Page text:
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The standard and its companion marine chemist program grew from a need identified by stakeholders seeking a consistent set of practices that addressed and managed hazards and ensured safety when executed by a skilled professional. The current edition of the standard, as well as the qualifications and practice of marine chemists, reflect an array of industry changes over the years, and the program continues to demonstrate a unique partnership between government and industry that safeguards workers and the workplace. Since the late 1980s, NFPA has provided training for all sectors of the industry—tank ship, barge and towing, offshore, shipyards, Navy and Coast Guard—informing them of the role of regulations, standards, and the marine chemist to promote safe behaviors and invest in a culture of safety. Sound safety management practice for confined space entry and hot work benefits from a program and standard that embrace hazard recognition, evaluation, and control, and that’s been the role of the marine chemist and NFPA 306 for a century and counting.

The seeds of NFPA 306
In the early 1920s, as the nation resumed its business following the end of World War I, the maritime industry found itself facing troubling losses. Cargo vessels, converted to carry troops and supplies in support of the war effort, returned to shipyards for reconversion back to their intended uses as bulk liquid carriers and dry-cargo transportation. Repairs often involved extensive hot work—welding, cutting, and burning—and fires and explosions were common due to inadequate or incomplete preparations necessary to safeguard the hazards posed by the liquid fuels (bunker oils and diesel) and the aggressive hot work. By 1922, the maritime community, including vessel owners, shipyards, marine insurers, marine surveyors, and the petroleum industry, had recognized that something needed to be done to protect its assets.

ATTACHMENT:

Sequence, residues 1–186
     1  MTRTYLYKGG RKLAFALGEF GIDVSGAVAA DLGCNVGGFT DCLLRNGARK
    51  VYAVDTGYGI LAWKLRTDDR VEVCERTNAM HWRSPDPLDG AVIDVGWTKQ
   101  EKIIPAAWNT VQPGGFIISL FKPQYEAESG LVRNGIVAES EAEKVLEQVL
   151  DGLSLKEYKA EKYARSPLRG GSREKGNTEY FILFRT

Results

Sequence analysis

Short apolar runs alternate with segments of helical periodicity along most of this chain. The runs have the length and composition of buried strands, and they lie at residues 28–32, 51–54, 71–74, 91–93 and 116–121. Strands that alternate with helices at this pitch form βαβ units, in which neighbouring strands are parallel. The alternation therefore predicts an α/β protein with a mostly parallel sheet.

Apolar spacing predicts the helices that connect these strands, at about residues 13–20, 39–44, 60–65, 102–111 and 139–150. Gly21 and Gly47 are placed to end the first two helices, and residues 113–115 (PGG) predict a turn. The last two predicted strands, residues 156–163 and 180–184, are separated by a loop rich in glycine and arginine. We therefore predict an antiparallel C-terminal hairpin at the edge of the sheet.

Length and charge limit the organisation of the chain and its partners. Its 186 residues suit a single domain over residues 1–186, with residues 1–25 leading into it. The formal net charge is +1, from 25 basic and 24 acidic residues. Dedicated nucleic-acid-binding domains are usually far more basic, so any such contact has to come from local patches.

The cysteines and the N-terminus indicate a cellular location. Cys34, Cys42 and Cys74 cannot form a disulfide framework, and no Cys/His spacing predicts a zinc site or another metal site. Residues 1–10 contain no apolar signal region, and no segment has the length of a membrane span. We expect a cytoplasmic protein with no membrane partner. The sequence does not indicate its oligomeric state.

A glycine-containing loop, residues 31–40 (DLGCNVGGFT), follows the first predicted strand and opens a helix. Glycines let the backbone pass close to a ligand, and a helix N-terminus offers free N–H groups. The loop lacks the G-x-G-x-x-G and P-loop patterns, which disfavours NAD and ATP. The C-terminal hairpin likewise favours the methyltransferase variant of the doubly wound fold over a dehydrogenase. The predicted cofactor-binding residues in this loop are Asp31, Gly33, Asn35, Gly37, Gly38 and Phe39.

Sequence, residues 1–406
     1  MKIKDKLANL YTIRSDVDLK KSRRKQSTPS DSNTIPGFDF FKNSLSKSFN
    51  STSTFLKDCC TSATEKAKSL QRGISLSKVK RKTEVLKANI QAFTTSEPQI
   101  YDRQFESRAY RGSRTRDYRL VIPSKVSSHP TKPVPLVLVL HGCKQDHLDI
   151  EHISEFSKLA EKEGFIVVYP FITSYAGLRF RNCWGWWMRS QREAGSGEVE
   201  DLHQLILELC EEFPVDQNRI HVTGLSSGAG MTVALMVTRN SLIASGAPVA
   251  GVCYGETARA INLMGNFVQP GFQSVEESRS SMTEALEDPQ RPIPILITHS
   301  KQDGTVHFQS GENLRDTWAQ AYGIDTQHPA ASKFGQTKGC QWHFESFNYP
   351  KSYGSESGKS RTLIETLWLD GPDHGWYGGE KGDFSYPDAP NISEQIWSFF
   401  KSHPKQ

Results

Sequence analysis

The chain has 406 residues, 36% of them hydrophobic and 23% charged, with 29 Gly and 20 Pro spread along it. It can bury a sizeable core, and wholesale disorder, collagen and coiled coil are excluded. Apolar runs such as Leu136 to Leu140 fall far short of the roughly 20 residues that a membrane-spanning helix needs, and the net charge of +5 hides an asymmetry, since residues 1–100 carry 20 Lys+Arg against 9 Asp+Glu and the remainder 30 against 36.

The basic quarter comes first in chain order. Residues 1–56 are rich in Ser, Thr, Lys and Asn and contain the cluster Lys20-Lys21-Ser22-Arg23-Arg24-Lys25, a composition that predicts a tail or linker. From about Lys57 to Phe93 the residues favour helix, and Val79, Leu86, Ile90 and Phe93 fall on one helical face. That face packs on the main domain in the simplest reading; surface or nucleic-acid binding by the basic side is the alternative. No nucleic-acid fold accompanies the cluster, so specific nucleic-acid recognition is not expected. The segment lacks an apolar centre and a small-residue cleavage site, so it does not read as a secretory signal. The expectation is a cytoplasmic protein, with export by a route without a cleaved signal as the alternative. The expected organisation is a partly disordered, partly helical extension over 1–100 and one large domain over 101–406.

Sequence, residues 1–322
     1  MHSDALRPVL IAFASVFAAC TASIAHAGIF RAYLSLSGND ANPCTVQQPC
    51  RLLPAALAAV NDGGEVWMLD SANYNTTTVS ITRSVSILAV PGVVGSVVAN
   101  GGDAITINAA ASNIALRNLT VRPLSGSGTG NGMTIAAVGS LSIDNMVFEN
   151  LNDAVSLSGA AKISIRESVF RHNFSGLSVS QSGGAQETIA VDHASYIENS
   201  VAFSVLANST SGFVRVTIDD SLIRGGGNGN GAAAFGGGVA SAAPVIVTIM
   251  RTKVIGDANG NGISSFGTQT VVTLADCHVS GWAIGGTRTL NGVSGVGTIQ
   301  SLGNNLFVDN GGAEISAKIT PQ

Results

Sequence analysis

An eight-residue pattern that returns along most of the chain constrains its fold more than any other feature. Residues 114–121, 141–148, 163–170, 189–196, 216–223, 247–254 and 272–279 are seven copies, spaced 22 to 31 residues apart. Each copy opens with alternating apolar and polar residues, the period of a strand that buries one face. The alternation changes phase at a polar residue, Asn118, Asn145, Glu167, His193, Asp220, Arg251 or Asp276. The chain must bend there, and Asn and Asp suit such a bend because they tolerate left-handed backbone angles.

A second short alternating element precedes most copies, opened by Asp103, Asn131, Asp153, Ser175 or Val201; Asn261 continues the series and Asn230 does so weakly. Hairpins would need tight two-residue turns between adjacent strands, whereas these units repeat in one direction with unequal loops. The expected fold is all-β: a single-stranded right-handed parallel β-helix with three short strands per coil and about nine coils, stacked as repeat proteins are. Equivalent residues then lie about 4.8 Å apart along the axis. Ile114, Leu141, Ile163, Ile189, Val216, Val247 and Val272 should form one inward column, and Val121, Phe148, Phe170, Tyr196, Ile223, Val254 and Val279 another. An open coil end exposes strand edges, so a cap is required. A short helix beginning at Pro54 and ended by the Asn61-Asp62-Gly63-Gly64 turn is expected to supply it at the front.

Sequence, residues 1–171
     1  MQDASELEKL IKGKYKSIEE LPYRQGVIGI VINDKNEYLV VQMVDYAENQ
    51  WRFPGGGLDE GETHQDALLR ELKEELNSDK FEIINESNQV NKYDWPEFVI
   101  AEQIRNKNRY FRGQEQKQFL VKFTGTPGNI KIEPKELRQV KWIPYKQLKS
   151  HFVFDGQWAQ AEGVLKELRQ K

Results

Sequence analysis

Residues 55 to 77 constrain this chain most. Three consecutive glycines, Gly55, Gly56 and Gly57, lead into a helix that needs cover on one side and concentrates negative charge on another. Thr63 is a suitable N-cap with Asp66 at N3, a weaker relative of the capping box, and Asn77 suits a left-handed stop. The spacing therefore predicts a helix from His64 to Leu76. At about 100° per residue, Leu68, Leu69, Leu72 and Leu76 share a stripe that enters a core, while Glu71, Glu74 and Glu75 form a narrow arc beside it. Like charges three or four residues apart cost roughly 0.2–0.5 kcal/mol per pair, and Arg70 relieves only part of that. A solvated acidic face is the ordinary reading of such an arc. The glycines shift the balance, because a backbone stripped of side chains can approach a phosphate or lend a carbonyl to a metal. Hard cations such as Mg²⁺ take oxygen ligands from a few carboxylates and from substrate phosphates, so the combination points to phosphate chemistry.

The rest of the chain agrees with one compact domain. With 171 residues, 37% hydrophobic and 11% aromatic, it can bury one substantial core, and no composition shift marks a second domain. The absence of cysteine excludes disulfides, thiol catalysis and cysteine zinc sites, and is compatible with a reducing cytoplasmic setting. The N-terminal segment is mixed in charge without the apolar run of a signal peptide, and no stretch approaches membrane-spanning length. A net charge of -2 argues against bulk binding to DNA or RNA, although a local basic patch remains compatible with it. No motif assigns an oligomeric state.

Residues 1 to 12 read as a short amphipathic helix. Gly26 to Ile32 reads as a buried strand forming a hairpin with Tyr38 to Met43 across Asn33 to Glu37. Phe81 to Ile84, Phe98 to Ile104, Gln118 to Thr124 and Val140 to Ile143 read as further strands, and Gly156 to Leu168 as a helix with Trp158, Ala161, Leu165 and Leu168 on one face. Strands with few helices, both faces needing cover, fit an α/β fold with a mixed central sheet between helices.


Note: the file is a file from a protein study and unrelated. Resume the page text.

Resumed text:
NFPA had just marked its 25th year in existence, but it was already known for its ability to provide an arena for stakeholders in need of a standard of practice. That’s why representatives of the maritime industry, including members of the American Bureau of Shipping (ABS), approached NFPA in 1922 seeking its assistance with the development of a new safety standard. NFPA accepted the challenge.

Those inquiries resulted in a pair of outcomes: a new standard to safely govern hot work repairs on marine vessels, particularly where cargo or fuel tanks and piping were involved, and the designation of a new specialist whose training and experience allowed them to apply the standard consistently and effectively within the shipyards. The new standard was developed, with industry collaboration, by the NFPA Committee on Marine Fire Hazards, in cooperation with the NFPA Committee on Flammable Liquids. Originally titled “Freeing Oil Tanks, Bunkers, and Compartments of Dangerous Concentration of Flammable, Explosive, or Toxic Gases Previous to Entering for Any Purpose or Making Repairs on Oil Burning or Oil Tank Vessel,” the standard was included as Appendix A in the “Regulations Governing Marine Fire Hazards.” Updates occurred over the next two decades, and in 1947 a completely revised standard was prepared and issued as NFPA 306 by NFPA and a joint committee of the ABS.